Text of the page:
The role music plays in presidential elections and how the U.S. Constitution is portrayed in movies are the topics of two recently released books by a UW-Eau Claire political scientist who also is an expert on how pop culture and politics intertwine.
Both books are timely given that 2020 presidential campaigns are getting underway, and the U.S. Constitution continues to be the focus of multiple political debates and legal challenges, says Dr. Eric Kasper, associate professor of political science.
“You Shook Me All Campaign Long: Music in the 2016 Presidential Election and Beyond” looks at the role music played in the 2016 election, as well as how it likely will influence the 2020 campaign, says Kasper, who is co-editor and a contributing author to the book.
“As politicians are declaring their candidacies for the 2020 presidential election, now is an excellent time to reflect on how national campaigns use music,” Kasper says. “Music has long played a role in American presidential campaigns as a mode of both expressing candidates’ messages and criticizing the opposition.”
Although music has long played a role in presidential campaigns, 2016 was a banner year for the use of song, with music being more in the forefront of the campaign than in any other campaign in recent memory, Kasper says.
In the last presidential election, a significant amount of popular music was used by campaigns, many artist endorsements were sought by candidates, ever changing songs were employed at rallies, instances of musicians threatening legal action against candidates burgeoned, and artists and others increasingly used music as a form of political protest before and after Election Day, Kasper says.
Calling the 2016 campaign a game changer, Kasper compares it to the 1840 presidential campaign, which saw “Tippecanoe and Tyler Too” help to sing William Harrison into the White House.
The new book puts the use of music in the 2016 campaign in historical perspective, and then examines musical messaging, strategy and parody.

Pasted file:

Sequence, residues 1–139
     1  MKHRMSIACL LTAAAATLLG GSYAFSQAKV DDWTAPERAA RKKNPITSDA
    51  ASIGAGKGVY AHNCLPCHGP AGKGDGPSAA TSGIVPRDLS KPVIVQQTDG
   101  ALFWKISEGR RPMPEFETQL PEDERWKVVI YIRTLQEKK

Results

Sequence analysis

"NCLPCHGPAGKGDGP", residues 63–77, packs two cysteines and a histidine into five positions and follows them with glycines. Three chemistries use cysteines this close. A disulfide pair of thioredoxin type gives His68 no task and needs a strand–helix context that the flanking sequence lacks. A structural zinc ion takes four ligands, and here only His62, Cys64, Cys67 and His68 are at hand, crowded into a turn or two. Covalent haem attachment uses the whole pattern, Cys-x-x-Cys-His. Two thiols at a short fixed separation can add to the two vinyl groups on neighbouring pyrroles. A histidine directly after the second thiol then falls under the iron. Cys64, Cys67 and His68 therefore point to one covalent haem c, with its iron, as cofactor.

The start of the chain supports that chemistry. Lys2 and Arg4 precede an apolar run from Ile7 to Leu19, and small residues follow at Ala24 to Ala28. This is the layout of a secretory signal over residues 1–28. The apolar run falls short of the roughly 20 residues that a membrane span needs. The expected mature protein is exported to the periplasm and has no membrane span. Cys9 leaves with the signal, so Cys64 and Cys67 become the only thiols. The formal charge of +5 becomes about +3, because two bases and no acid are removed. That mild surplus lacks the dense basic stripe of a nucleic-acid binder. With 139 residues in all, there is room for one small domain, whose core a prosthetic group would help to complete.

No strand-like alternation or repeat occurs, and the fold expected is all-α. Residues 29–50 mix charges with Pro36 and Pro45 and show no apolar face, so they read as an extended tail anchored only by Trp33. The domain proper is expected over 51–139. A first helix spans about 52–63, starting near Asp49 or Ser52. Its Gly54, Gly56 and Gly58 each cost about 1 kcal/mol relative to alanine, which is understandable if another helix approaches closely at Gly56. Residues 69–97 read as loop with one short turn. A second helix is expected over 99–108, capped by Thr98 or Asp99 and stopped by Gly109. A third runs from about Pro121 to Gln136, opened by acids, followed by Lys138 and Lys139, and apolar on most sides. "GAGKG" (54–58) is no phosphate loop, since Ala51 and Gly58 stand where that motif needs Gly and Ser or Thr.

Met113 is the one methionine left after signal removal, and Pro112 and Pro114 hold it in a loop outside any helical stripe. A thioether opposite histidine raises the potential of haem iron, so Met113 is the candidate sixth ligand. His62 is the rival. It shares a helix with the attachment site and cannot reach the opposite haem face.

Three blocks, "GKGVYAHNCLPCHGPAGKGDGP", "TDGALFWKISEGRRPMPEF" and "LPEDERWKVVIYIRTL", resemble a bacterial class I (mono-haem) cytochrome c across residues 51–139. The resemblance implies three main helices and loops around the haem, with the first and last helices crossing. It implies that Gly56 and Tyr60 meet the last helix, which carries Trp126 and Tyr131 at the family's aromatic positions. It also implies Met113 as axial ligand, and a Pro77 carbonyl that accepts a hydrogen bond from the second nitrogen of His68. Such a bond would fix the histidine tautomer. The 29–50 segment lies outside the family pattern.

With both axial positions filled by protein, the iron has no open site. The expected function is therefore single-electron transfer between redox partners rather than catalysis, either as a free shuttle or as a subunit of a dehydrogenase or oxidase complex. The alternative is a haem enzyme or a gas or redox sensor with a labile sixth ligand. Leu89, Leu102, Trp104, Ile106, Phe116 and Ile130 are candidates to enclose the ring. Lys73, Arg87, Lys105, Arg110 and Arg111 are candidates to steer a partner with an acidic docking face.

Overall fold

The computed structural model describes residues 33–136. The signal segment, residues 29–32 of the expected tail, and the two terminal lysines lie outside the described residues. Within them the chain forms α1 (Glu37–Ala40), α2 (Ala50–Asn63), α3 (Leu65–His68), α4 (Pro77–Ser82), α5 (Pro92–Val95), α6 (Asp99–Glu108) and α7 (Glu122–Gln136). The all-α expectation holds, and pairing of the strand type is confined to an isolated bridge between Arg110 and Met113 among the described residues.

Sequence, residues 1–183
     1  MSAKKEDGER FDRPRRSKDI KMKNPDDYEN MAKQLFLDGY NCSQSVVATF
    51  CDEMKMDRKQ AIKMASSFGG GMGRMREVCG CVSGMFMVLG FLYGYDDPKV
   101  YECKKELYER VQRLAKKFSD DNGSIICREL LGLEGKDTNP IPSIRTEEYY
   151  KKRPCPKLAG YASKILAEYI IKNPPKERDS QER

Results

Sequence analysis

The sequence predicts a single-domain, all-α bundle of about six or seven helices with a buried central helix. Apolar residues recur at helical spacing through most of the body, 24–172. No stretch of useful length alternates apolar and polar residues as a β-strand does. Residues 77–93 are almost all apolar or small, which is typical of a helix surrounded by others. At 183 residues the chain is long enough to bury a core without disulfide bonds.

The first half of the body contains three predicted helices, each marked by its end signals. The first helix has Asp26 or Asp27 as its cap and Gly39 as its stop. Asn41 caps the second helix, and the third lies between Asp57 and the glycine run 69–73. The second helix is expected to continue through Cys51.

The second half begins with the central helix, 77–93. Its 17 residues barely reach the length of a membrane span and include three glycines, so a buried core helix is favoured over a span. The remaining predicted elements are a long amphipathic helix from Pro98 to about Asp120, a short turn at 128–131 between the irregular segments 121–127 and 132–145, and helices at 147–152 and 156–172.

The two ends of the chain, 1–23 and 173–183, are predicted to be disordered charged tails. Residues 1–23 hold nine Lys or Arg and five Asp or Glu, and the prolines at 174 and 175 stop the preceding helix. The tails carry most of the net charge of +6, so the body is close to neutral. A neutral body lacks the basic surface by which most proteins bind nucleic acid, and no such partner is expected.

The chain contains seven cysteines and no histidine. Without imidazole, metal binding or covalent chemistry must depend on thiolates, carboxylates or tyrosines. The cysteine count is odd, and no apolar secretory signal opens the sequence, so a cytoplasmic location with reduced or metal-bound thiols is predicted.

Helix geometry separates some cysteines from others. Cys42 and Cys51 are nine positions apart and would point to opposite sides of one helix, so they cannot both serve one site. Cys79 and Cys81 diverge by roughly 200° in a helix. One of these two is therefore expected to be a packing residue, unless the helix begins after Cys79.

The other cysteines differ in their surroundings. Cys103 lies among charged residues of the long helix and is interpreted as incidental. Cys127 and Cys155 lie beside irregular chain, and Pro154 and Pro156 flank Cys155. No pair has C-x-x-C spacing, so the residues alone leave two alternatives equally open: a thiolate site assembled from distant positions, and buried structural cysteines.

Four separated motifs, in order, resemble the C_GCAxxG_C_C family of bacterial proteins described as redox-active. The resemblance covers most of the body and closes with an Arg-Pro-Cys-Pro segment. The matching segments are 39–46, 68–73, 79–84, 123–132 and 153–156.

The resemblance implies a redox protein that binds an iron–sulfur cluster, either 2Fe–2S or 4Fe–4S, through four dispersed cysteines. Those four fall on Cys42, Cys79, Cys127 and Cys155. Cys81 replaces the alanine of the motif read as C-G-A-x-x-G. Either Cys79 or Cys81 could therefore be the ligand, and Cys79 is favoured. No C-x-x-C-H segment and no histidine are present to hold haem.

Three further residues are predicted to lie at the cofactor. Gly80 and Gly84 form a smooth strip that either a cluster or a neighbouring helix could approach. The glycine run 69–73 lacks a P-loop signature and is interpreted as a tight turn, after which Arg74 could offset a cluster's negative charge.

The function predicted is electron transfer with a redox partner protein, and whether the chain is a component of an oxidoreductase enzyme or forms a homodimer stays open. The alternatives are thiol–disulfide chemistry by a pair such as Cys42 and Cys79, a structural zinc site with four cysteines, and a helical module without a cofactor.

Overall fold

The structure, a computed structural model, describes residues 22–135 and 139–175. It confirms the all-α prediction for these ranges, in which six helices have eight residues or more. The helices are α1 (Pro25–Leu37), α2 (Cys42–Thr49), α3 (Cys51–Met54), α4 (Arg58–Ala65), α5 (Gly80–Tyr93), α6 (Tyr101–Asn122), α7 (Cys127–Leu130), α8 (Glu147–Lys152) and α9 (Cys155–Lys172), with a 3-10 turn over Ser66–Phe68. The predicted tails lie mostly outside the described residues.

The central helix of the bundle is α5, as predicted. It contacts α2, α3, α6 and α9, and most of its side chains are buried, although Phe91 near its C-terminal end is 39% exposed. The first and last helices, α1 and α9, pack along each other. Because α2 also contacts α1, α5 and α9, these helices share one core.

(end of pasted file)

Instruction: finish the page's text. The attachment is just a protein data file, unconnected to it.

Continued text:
“The book ultimately explores how music and musicians affect presidential elections, and how politicians and campaigns affect music and musicians,” Kasper says.
“You Shook Me All Campaign Long” includes 10 chapters from faculty experts — including Kasper — commenting on music as it relates to several 2016 candidates.
Kasper’s chapter examines how several candidates used music to express their respective interpretations of the Constitution in 2016.
“Learning about the use of music during the 2016 campaign will help people better understand how music will be used in the 2020 campaign for the White House,” Kasper says.
The musical expression of constitutional themes by presidential candidates dates back more than 200 years, but the U.S. Constitution was particularly prominent in 2016 campaign music because of the Supreme Court vacancy that existed after Justice Antonin Scalia’s death in February 2016, Kasper says.
The U.S. Constitution also is the topic of Kasper’s second newly released book, “The United States Constitution in Film: Part of Our National Culture,” which he co-authored with Dr. Quentin Vieregge, an associate professor of English at UW-Eau Claire — Barron County.
“The U.S. Constitution often is depicted in popular films,” Kasper says. “Sometimes it’s at the center of a movie plot, and sometimes it is in a film’s theoretical background.”
The role films play in helping to shape popular perceptions of the U.S. Constitution is an important and timely topic given the ongoing political discussions around it, and how it relates to the government’s structure and citizens’ rights, Kasper says.
Films are sometimes used to teach viewers facts about the Constitution, and other times movies are created to express a certain political belief about the meaning of the Constitution, Kasper says.
For example, he says, “Mr. Smith Goes to Washington” teaches viewers the constitutional requirements for how a bill becomes a law, “12 Angry Men” demonstrates the importance of the right to a jury trial, and “Lincoln” focuses on the process of amending the Constitution, while “Selma” highlights how social movements are tied to civil rights and voting rights, “ Dirty Harry” warns about the dangers of expanding the rights of the accused too much, and “All the President’s Men” and “The Post” emphasize the importance of the freedom of the press.
“These films offer empirical information about the Constitution, but they also sometimes take normative stances on how the Constitution should be interpreted,” Kasper says. “The book will help readers understand how constitutional themes are expressed in film, which will help them to better understand the use of the Constitution the next time they go to the movies.”
While the book examines how films have been used to teach viewers something about the U.S. Constitution, it also exposes myths that exist in film, highlights how Hollywood’s constitutional lessons have changed over time, and compares films to what the Constitution says and how the U.S. Supreme Court has interpreted it.
Kasper’s expertise in how pop culture and politics connect earned him national attention during the 2016 presidential election, a campaign that saw many celebrities endorsing candidates and others loudly objecting to their music being used by candidates whom they do not support.
For more information, contact Dr. Eric T. Kasper, associate professor of political science and director of UW-Eau Claire’s Center for Constitutional Studies, at 715-836-4802 or firstname.lastname@example.org.
Photo caption: Dr. Eric Kasper has two new books out that focus on pop culture and politics.